Every Caribbean island has its own take on local cuisine: Anguilla’s barbecue joints rival that of America’s celebrated southern cooking, Jamaica has a delicious tendency to go jerk-style on any meat dish, and St. Barts serves up world-class offerings for cafe-goers. But we’re not calling any of those places the culinary capital of the Caribbean. That title is reserved for Grand Case on Saint Martin, home of the best restaurants on the island—and for our money, in the entire region.
Call it Saint Martin or Sint Maarten—this island in the northeast Caribbean is split in two, with a French side (Saint Martin) and a Dutch side (Sint Maarten). The difference, in a nutshell? The latter is where the party’s at; the former is where the best eats are found. Peppered with imported chefs from the mainland, the French half of the island sports a special blend of traditional Caribbean food with a les Français twist. What’s more, most of that unique cuisine is found in the small town of Grand Case.
What makes Grand Case a better dining option than any other Caribbean town is the sheer amount of gastronomic talent within just a few blocks. “It’s like being in Paris with the level of food and then you’re right on the beach in this old, charming French fishing village,” says Alexander Britell, self-proclaimed foodie, and founder and editor-in-chief of Caribbean Journal.
Don’t bother eating elsewhere but on Boulevard de Grand Case. There are enough options that you can try a different gourmet restaurant each night on Restaurant Row—and make sure to leave a little room for something a little less formal too. Your satisfied stomach will thank you.
Here’s why all the best restaurants in St. Martin are in Grand Case:
Break Bread at High-End French Restaurants
There are no fewer than 15 gourmet restaurants lining either side of the boulevard, and at least 40 dining options in all. Standouts like Le Pressoir and Le Soleil routinely top “Best Restaurants in the Caribbean” lists. The depth of quality dining on this one street is what sets the town apart. “There’s nowhere in the Caribbean that has a better, larger concentration of world-class restaurants in one place than Grand Case,” Britell says.
Why you need to go: Chef Franck Méar is regarded as a culinary genius. Housed in a 19th century beach house and serving creative French cuisine, Le Pressoir is a relatively new addition to Restaurant Row. Opened in 1995, it climbed the ranks quickly, named 2016’s Caribbean Restaurant of the Year by Caribbean Journal. Le Pressoir’s combination of gourmet food, hospitable service, and peaceful ambiance makes it hard to beat, even on Grand Case’s famed foodie strip.
What you need to eat: Slipper lobster
Le Pressoir is at 32 Boulevard de Grand Case
Why you need to go: Charming and contemporary, a location on the ocean side of the boulevard affords 82 seating with views of one of the island’s best snorkeling spots, Creole Rock, and neighboring island Anguilla. Pro tip: Beat the crowds by arriving around 2 pm, shortly after lunch rush. Ocean 82 is one of the few upper-echelon restaurants on the strip that serves all day.
What you need to eat: Braised lamb shank cooked 24 hours with white wine, honey, and rosemary, served with fettuccine and green asparagus.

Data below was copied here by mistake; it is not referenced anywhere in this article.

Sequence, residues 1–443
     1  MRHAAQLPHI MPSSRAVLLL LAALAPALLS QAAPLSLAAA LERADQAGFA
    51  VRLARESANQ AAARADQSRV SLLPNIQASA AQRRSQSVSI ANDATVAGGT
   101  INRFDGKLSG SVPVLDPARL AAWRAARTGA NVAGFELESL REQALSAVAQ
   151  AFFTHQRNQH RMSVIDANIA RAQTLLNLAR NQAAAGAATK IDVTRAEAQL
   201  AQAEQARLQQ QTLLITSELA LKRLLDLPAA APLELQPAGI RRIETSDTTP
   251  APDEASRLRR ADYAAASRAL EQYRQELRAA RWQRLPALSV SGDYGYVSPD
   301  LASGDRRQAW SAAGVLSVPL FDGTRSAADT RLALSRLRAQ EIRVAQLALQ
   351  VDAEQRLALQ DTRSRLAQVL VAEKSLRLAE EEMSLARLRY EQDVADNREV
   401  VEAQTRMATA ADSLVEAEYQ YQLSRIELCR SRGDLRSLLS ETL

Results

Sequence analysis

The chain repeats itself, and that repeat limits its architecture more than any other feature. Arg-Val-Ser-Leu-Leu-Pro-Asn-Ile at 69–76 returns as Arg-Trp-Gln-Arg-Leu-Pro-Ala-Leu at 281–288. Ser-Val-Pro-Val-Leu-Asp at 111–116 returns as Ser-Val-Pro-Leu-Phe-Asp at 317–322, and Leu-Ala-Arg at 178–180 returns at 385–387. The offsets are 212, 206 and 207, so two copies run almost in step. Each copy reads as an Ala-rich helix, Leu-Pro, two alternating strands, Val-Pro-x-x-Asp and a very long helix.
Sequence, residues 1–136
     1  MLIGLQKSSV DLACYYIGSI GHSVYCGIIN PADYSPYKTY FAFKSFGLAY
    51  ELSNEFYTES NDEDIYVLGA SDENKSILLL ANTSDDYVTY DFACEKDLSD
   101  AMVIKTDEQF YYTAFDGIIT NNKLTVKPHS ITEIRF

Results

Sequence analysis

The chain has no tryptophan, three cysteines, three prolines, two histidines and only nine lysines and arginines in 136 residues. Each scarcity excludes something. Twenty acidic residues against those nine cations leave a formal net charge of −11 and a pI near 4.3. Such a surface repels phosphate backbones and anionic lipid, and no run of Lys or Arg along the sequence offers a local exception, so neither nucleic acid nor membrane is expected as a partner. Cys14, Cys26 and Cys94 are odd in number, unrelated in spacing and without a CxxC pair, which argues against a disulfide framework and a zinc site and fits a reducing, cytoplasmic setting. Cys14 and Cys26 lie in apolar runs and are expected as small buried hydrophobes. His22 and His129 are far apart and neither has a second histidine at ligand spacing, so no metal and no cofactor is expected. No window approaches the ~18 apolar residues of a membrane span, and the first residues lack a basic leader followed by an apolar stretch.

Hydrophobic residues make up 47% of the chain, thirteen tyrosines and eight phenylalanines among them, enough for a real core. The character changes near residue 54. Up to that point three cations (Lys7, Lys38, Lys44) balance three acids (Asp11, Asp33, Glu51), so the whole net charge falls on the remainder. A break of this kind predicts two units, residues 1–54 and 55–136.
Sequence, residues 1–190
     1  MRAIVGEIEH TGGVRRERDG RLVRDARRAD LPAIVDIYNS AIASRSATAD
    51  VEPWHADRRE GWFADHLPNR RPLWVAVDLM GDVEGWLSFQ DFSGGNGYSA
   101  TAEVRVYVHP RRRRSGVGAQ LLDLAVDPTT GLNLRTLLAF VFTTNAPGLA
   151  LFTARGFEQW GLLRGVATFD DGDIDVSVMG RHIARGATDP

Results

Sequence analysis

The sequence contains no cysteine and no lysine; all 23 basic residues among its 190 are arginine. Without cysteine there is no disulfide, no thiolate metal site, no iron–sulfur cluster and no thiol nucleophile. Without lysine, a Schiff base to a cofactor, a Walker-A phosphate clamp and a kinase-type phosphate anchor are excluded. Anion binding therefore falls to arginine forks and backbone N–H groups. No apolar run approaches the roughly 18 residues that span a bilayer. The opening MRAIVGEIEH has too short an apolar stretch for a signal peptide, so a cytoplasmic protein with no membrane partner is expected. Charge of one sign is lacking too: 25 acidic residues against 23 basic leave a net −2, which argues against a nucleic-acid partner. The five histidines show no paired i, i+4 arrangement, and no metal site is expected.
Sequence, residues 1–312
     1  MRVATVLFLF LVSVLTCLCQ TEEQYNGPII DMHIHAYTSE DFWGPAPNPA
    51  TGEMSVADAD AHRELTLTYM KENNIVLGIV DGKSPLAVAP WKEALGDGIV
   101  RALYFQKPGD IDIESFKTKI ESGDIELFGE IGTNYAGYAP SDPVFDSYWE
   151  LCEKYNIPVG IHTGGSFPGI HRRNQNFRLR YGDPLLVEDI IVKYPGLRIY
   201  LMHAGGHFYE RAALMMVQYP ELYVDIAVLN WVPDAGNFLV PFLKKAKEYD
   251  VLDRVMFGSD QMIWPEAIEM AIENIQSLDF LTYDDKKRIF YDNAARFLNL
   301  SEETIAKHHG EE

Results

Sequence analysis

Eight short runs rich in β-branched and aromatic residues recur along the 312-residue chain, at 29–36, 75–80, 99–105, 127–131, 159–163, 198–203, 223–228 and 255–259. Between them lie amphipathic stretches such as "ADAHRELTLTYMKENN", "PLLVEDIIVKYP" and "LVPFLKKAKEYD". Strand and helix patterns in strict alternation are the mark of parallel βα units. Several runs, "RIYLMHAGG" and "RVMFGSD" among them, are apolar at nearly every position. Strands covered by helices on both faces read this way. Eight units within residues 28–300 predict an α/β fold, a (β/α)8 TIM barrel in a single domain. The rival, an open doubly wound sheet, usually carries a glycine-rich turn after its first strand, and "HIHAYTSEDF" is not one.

Ocean 82 is at 82 Boulevard de Grand Case
Why you need to go: Tastevin is the quintessential Grand Case hotspot—it’s right on the beach, hip, and sleek. Start with a glass of wine or a tropical cocktail, then try and decide between one of many creative (and unexpected) options. Try the tuna tartare with lemon flakes and pineapple syrup or the beef cheeks ravioli with red wine and forest mushroom sauce, and finish with the roasted pineapple and rum crunchy pastry with vanilla ice cream and orange sauce. Tastevin isn’t flashy, but it’s an institution. It’s classic French cuisine and beachside dining at its finest.
What you need to eat: Pistachio mousse
Le Tastevin is at 86 Boulevard de Grand Case
Stop in at Casual Creole Lolos with Locals
Interspersed along the main road is a collection of local food vendors serving quintessential Creole food like grilled fish and accras, fried balls of dough mixed with salt-fish, spices, and green onion. These little eateries are called lolos, and they’re informal and delicious. They’re small, open-air restaurants found on the side of the road or right on the beach. And in Grand Case, there are tons of options. Strolling the waterfront, you’ll find no less than six lolos bunched together. Local favourites include Sky’s the Limit, Rib Shack, and Talk of the Town. They serve lunch, but your best bet is to visit at night, when the streets are bustling with locals and tourists. Order lolo specialties like barbecue chicken or ribs, grilled lobster, or red snapper. For dessert, try a jonnycake, the local version of the donut. No matter how many classy, haute meals you consume in Grand Case, you’ll be missing out if you leave without visiting at least one lolo.
Celebrate With a Stroll Down the Boulevard
Believe it or not, there’s more than just food to experiencing Grand Case like a local. During high season, Boulevard de Grand Case turns into a small-format Bourbon Street once a week. From mid-January through early March, Tuesday nights are for Les Mardis de Grand Case, where the street is closed to cars and open to the town’s many tourist visitors—mainly American and French—for one big party. A local twist on New Orleans’ Mardi Gras-style celebration, the events are a display of local culture, arts and crafts, music, and yes, food. Weekly parades feature musical acts, dancers, and local artisan pop-up stands, offering a figurative taste of the local vibe. For a literal taste, you’re never far from a magical culinary experience on Restaurant Row in Grand Case.